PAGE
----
Can't wait to see how you progress with the project!

Paul
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PostPosted: Sun Jun 13, 2010 8:39 am    Post subject: Reply with quote

Thanks Paul,

From the time spent on Limey and having fitted the same engine (2.5TDi) to a previous vehicle, I know how important it is to have everything worked out on paper first, otherwise it'll just turn into a revolutionary project which never hits the road!!

I'd love to run a waterboxer engine but this will be built on a budget and that means 2nd hand engines and stuff that I have hanging around. I wouldn't have enough for a GoWesty motor/Oettinger 4 Cyl, especially as we're heading into the realms of modified engines so replacement parts will be in another country and expensive. It's also still based on an aged design which isn't that efficient and even with lpg, I'd still struggle to get sensible mpg.

The idea of a dry sumped scoobie is worth while looking into though and I'll give this some thought. I think it would have to be a 2.5 N/A or a 2.0 Turbo (single turbo) engine without mods.

The 1.9TDi is looking good at the moment and is up there in the top 5, along with a 1.8 20V Turbo and an Audi 2.8 V6 30V, Scoobie 2.5 and 2.0 Turbo.

I'm having problems trying to find out info on the Audi 2.8 30V engines as not many folk mess with them. I'd love to know how they weigh.

Oh, the project isn't starting with the Syncro Single cab which I had for sale recently. That's now sold to a mate who is putting a 2.2 Scoobie in it.
I'll be starting with a very rusty Doka Syncro and then removing parts of the bodyshell until I'm happy Laughing

MG
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PostPosted: Sun Jun 13, 2010 9:00 am    Post subject: Reply with quote

SyncroGhia wrote:

I'll be starting with a very rusty Doka Syncro and then removing parts of the bodyshell until I'm happy Laughing

MG


Oh so it's already been on a diet to add lightness though a reduction in panel thickness. Sweet! Wink

I know what you mean about working in a budget. What are your target numbers for economy if I might ask? I mean I get in the low 20's (US gallons) in my Syncro 7-pass with the WBX, are you shooting for the low 30's (imperial?)? I like the idea and it will be interesting to see what you come up with, I know Limey gets pretty impressive economy for what you are running, a lighter DoKa with new gears could post some impressive numbers.

Which Audi 30 valve are you talking about? I know that Audi has some nice V6 TDI's over there that we never got. One of the 2.5L from the mid '90s could be a good candidate, power is maybe a little lower then you were looking for just searching Wiki and you are running the risk of the perpetual project again. I'd be interested to see how it came together though, could be a really sexy swap. I'm tempted to say that one of the inline engines is an easier bet though, lots of people have done it so if you want an in and out project it's well documented.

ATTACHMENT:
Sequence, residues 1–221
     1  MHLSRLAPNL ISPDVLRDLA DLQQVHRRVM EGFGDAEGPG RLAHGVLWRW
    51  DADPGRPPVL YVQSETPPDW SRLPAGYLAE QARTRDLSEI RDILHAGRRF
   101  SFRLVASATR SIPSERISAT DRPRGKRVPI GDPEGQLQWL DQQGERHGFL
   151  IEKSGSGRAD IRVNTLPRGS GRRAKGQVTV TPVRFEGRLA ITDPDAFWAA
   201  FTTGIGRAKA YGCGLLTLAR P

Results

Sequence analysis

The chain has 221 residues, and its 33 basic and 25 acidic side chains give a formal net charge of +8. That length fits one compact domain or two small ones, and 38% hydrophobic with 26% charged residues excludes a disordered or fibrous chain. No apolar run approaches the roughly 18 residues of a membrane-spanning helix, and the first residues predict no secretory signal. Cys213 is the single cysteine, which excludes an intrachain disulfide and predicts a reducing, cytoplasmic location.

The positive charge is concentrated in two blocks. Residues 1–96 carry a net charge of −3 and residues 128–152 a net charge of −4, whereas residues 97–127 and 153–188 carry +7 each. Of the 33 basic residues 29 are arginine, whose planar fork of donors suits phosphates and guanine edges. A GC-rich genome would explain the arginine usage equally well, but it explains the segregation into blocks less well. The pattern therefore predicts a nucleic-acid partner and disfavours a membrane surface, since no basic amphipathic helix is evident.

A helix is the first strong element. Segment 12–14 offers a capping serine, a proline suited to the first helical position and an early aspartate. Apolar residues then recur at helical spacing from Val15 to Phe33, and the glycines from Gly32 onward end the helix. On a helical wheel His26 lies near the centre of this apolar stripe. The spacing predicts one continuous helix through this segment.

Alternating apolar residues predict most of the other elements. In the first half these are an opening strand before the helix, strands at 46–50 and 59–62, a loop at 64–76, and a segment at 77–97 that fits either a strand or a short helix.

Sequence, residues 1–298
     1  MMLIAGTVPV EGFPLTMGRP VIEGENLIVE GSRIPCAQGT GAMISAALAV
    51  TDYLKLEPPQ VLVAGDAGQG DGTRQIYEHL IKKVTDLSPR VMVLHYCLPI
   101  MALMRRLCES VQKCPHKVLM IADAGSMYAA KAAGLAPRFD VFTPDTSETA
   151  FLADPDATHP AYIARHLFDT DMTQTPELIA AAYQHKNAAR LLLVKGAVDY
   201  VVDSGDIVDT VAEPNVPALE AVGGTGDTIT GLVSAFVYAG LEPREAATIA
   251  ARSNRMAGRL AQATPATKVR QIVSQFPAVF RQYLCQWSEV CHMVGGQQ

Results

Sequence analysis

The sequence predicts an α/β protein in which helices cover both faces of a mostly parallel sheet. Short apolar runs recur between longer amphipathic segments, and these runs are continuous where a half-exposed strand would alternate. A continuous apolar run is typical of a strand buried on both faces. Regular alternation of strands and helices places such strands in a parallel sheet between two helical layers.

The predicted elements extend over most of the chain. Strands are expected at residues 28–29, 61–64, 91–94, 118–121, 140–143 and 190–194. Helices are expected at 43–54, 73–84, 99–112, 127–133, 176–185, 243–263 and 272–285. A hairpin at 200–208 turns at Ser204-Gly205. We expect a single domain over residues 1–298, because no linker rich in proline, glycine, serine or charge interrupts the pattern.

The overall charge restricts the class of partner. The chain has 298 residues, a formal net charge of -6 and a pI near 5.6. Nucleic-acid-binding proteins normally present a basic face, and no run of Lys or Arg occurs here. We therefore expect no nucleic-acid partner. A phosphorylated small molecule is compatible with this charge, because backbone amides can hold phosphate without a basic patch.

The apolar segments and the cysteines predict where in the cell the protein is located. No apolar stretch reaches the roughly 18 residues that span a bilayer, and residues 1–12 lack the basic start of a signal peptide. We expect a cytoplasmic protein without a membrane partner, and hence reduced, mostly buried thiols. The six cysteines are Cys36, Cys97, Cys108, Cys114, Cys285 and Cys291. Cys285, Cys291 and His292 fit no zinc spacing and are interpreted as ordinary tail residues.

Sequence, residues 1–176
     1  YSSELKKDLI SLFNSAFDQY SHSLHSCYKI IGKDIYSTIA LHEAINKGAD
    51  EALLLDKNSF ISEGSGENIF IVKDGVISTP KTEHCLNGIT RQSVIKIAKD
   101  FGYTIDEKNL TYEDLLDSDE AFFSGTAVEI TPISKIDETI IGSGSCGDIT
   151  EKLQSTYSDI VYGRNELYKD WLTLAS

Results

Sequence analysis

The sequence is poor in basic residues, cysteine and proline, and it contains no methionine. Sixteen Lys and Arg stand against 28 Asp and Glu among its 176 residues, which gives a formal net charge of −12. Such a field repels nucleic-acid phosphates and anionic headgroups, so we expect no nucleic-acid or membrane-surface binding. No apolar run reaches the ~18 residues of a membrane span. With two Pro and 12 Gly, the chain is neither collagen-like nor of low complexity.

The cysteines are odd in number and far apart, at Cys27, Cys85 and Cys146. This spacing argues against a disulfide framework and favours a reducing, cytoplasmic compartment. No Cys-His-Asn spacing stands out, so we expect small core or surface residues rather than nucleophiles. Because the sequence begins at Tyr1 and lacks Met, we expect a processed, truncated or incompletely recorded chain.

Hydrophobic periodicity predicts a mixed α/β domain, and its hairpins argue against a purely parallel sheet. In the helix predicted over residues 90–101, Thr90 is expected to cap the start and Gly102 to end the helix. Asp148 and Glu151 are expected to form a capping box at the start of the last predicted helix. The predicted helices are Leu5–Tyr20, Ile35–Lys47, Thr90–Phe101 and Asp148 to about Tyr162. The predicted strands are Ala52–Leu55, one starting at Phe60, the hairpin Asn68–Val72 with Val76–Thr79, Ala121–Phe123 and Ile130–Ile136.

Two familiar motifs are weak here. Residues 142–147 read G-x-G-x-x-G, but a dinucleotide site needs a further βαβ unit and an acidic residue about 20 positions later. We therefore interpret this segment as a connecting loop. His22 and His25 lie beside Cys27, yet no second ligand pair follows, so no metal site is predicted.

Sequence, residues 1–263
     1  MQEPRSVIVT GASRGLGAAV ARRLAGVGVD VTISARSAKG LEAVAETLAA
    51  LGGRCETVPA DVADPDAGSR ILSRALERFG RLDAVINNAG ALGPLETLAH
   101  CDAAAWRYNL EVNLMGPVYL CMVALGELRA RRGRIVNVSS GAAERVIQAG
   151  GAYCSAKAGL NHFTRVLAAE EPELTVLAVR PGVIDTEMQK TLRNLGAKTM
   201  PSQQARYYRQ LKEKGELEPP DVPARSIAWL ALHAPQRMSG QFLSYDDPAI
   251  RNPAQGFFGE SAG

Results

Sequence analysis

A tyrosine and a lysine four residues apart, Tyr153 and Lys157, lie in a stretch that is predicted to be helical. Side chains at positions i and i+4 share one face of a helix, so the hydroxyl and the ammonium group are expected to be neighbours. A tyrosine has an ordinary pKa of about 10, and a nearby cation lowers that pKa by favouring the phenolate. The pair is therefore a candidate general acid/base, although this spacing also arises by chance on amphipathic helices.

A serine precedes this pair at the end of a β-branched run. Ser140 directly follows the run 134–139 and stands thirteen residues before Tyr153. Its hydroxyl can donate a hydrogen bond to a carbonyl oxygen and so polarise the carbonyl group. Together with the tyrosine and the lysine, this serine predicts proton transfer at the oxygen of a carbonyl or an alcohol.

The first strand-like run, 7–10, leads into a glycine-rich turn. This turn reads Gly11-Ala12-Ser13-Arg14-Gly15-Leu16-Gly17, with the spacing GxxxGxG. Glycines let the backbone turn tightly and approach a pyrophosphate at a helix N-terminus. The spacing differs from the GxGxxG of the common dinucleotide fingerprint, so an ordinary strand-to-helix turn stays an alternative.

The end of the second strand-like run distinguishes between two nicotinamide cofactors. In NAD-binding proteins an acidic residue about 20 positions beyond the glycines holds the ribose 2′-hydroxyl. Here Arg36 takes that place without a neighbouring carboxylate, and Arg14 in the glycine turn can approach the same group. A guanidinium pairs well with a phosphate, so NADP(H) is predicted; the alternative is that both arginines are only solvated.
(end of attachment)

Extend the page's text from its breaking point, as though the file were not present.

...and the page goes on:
Any reason not to copy what you did with Limey? That 2.5 inline 5 seems like a sweet setup from across an ocean, what you are running there might be my dream setup (less power though).

Paul
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PostPosted: Sun Jun 13, 2010 10:13 am    Post subject: Reply with quote

Hehehe, yes it'll be on a diet! The cab will be coming off along with a lot of the other bodywork! followed by some well placed strengthening/diagonal bracing to keep it strong.

Mpg? from a petrol, I'd like 25mpg and from a TDi 35mpg. That's imperial (4.546 litres in a Gallon) gallons.

The Audi 2.8 30V (ACK code) is fitted to Audi A4's, A6's and A8's from around 1997 onwards and has 193bhp and 206ftlbs so a fairly nice engine. Also the sump is very wide and doesn't sit too low.

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The 2.5 V6 TDi's have long term design probs with camshafts wearing out and they're still about 1000 mark for an engine so not really cheap enough, plus they're not as frugal as the inline TDi's.

The 5 Cylinder TDi is very heavy and very long. It produces good power with not bad economy but there is about 8mm between the crank pulley and the rear cross member! I want to move the back of the van further forwards to within that clearance of a shorter engine like a Subaru. I'd even consider just making the rear cross member a single skin at that point to help out.

That's a point actually, could anyone measure from the face of the crank pulley to the inside of the rear cross member on a Subaru install please?

MG
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PostPosted: Sun Jun 13, 2010 10:34 am    Post subject: Reply with quote

Quote:
That's a point actually, could anyone measure from the face of the crank pulley to the inside of the rear cross member on a Subaru install please?

About 165mm with a EJ22 in a syncro doka. The exhaust will have to be ran somewhere else if you plan on shortening it that much, but you already know that.